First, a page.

T4's 'clouds', installations a play of art and technology

Changi Airport's Terminal 4 (T4) has a new moving art sculpture that calls to mind Terminal 1's Kinetic Rain installation.

Petalclouds, an aluminium installation, stretches 200m and can be seen from almost anywhere in the futuristic T4.

The moving sculpture by German-based Art+Com - the same design firm behind the Kinetic Rain aluminium droplets in Terminal 1 - comprises six "clouds", each consisting of 16 petal-shaped aluminium frames suspended from wires in motion. These have been choreographed to form various patterns, accompanied by classical music composed by Bafta award-winner Olafur Arnalds.

Petalclouds is one of several installations in Terminal 4 which tap technology and typify its push to become Changi Airport's "flagship terminal for innovation".

Mr Jayson Goh, managing director of Changi Airport Group's airport operations management, said the art features in the terminal were to help "distract passengers from the pace of the airport" and create a less stressful environment.

Said Ms Poh Li San, vice-president of Changi Airport Group's T4 programme management office: "T4 was conceived with the vision to rethink travel, push boundaries and break new ground. Through innovative concepts of operation and terminal design, we sought to address our capacity needs as well as improve efficiency and manpower productivity."

While there is no physical safety net for Petalclouds' petals - each weighing 40kg - Ms Poh said passengers need not worry about their safety. The moving petals grind to a halt immediately when the system detects a deviation from normal movement, and there are a number of cables supporting each petal, she said.

Petalclouds, a vast kinetic installation, can be seen from almost anywhere in Changi Airport's Terminal 4.
Petalclouds, a vast kinetic installation, can be seen from almost anywhere in Changi Airport's Terminal 4. ST PHOTO: STEPHANIE YEOW


The orchid petal is a ubiquitous motif in T4, appearing in the Petalclouds installation, and on carpets, skylights and even dustbins.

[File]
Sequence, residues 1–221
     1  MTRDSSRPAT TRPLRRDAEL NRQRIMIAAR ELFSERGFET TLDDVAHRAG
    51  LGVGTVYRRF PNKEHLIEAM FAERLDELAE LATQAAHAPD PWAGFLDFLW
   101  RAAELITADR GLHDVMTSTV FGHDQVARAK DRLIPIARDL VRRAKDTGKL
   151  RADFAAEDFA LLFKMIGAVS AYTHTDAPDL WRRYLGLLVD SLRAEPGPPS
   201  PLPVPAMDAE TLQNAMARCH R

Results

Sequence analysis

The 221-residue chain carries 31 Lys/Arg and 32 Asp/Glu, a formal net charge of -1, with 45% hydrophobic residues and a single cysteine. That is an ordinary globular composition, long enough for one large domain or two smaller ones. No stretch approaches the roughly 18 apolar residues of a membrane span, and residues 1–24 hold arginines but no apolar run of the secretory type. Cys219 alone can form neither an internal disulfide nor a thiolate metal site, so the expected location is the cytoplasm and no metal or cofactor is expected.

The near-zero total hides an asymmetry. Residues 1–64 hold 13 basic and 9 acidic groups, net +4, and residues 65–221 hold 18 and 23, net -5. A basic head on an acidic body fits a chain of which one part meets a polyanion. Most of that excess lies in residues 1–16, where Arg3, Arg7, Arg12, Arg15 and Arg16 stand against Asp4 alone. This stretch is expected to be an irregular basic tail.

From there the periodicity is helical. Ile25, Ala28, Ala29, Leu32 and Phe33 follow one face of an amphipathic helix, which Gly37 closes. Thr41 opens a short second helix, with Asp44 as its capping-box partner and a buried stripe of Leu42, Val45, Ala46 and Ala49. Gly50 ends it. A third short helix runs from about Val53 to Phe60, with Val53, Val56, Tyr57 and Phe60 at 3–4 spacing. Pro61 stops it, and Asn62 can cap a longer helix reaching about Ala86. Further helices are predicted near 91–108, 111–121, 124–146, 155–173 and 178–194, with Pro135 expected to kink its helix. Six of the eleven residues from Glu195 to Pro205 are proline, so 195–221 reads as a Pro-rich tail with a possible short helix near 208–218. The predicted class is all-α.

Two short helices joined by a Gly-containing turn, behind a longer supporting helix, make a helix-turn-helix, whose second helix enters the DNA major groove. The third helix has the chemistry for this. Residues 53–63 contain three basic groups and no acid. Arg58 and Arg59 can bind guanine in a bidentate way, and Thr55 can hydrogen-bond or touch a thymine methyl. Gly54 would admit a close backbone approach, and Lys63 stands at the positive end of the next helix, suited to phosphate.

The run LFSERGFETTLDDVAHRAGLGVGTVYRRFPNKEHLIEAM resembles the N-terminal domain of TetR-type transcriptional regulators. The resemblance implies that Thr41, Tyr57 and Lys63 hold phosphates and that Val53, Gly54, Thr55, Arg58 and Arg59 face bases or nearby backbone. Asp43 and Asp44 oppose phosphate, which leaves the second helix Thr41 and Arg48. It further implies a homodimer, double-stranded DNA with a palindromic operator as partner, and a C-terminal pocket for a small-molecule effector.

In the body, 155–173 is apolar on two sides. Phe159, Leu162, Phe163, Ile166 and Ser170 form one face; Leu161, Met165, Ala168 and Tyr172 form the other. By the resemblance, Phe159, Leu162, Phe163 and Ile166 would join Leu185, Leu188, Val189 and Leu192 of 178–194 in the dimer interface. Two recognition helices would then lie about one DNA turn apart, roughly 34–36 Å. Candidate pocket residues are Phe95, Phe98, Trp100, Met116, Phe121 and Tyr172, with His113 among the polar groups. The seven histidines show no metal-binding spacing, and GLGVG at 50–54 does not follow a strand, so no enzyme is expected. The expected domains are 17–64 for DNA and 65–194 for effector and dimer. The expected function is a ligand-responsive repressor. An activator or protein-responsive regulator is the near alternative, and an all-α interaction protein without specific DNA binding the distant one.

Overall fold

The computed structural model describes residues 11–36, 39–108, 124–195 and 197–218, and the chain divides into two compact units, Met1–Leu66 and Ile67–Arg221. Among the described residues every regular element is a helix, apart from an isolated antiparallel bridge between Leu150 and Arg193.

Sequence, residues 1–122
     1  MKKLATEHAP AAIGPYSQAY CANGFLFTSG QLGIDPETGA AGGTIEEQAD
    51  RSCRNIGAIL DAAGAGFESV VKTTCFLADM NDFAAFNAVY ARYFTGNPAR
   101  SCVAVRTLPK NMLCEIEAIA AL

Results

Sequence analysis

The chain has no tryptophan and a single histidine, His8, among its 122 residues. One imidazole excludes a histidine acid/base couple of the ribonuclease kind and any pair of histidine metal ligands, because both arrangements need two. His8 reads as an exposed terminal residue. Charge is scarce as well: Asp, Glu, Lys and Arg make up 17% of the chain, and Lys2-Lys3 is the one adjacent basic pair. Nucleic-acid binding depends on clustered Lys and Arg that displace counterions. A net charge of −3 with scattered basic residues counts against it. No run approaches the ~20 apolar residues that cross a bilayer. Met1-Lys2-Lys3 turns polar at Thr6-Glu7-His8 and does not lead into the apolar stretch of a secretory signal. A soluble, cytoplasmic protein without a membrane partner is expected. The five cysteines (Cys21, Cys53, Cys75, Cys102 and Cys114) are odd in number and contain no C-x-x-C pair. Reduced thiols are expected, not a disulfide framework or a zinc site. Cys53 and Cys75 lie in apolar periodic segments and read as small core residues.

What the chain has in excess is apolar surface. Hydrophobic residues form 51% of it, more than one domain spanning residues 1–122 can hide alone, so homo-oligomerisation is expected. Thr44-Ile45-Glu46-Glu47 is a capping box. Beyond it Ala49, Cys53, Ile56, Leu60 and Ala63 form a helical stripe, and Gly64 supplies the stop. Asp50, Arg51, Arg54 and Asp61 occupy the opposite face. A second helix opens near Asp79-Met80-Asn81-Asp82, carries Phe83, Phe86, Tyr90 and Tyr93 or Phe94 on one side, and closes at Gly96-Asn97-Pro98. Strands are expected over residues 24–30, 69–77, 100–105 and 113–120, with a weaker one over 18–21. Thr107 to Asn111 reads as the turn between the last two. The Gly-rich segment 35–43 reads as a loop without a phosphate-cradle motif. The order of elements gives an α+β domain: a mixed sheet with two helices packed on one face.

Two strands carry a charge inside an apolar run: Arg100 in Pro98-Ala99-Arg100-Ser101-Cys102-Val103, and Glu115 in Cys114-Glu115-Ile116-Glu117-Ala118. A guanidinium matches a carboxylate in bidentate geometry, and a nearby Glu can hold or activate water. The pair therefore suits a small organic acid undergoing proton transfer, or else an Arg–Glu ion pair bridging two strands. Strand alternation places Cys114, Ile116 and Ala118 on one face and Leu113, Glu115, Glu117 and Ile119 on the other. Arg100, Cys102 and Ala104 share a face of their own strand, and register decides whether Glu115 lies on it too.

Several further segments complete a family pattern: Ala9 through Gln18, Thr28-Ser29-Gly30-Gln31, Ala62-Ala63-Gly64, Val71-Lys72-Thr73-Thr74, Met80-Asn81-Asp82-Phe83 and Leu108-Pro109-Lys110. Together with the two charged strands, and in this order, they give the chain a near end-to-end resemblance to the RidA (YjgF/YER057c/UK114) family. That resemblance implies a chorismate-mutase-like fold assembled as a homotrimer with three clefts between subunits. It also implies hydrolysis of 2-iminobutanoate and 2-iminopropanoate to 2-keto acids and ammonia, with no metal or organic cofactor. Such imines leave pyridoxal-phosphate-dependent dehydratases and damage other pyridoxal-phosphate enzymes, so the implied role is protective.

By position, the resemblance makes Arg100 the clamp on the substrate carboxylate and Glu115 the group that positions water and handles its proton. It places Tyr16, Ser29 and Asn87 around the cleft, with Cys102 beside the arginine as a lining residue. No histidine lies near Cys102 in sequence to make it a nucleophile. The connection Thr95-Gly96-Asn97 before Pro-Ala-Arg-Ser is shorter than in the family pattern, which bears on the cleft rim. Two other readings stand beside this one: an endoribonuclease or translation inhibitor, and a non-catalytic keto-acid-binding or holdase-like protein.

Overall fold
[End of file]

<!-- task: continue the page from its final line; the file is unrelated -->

Ms Poh said that owing to space limitations, the airport adopted "a boutique approach" in its interior design, aimed at creating "a cosy, comfortable space".

She added: "We want the terminal to be not just modern and functional, but one that is fun and uplifts (passengers') moods."

While transparent glass walls make the terminal seem more spacious, technology also does the trick: LED screens disguised as murals and shophouse facades later expand into panoramas and roomy interiors. The centralised security screening area has a 70m by 5m LED screen - called the Immersive Wall - that starts out as what appears to be a convincing wood carving mural, before it goes on to display Singapore's skyline, Asean landmarks and a whimsical animation of how baggage is sorted.

The transit area's heritage zone features a row of Peranakan "shophouses" from the 1880s to 1950s.

Two of them conceal a 10m by 6m LED screen that doubles as a digital theatre stage for a six-minute "musical" by veteran composer Dick Lee. Peranakan Love Story, which has no audible dialogue, tells the story of a romance between two musician-neighbours who fall in love.

A version of this article appeared in the print edition of The Straits Times on July 26, 2017, with the headline 'T4's 'clouds', installations a play of art and technology'. Print Edition | Subscribe